I ended with the final argument I could make.  I told the class that I had no intention of changing their minds and certainly not their belief systems.  But, I did ask them to remember one thing — these were people we were talking about.   These were sisters and brothers, sons and daughters, and, yes, mothers and fathers.  This was not some amorphous \”them.\”  This was the human experience, every bit as much as theirs was.

I dismissed the class.  Sylvia walked out without a comment and still not looking at me.

Some classes are easy and some are . . . less so.  This one made me feel like I\’d been hit by a truck.   I will not pretend to be something I\’m not.  I haven\’t done that since my freshman year at a religious college.   But, I have to admit, there are times when it is tempting.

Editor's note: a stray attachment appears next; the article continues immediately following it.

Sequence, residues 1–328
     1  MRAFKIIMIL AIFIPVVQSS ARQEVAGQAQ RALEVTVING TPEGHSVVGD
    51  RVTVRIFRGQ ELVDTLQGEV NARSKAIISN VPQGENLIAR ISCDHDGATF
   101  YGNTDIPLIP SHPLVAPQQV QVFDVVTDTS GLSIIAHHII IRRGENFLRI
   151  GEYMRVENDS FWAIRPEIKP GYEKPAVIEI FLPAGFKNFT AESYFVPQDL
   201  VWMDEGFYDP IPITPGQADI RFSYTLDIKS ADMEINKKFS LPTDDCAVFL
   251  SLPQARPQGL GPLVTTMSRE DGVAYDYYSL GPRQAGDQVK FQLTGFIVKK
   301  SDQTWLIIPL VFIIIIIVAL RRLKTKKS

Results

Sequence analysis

Every time I teach this class, I think that maybe there is one person who really needs to hear this.  Maybe something I say will give validity to someone who feels very alone or help someone heal a relationship or at least make someone think.   On nights like this, I come home feeling like there might be a chance I\’ve done some really important work.

And, I admit, I come home exhausted.

The Bully Pulpit

My dad knew Jim Jones.  Well, not really knew him; just sort of in a passing acquaintance kind of way.  After the Jonestown tragedy in Guyana 30 years ago where 900 of “Rev.” Jones followers committed mass suicide by drinking poison-laced Kool-Aid on his command, my dad told me the story.  They had both been young preachers in Indianapolis in the late 60s before Jones moved his congregation to California and then ultimately to South America.   Apparently there had been some sort of monthly interdenominational prayer breakfast thingy for ministers and it was there my dad met Jim Jones.  According to my memory of what my dad told me all those years ago, Rev. Jones was a dynamic, charismatic, revered and well-loved member of the ministerial community.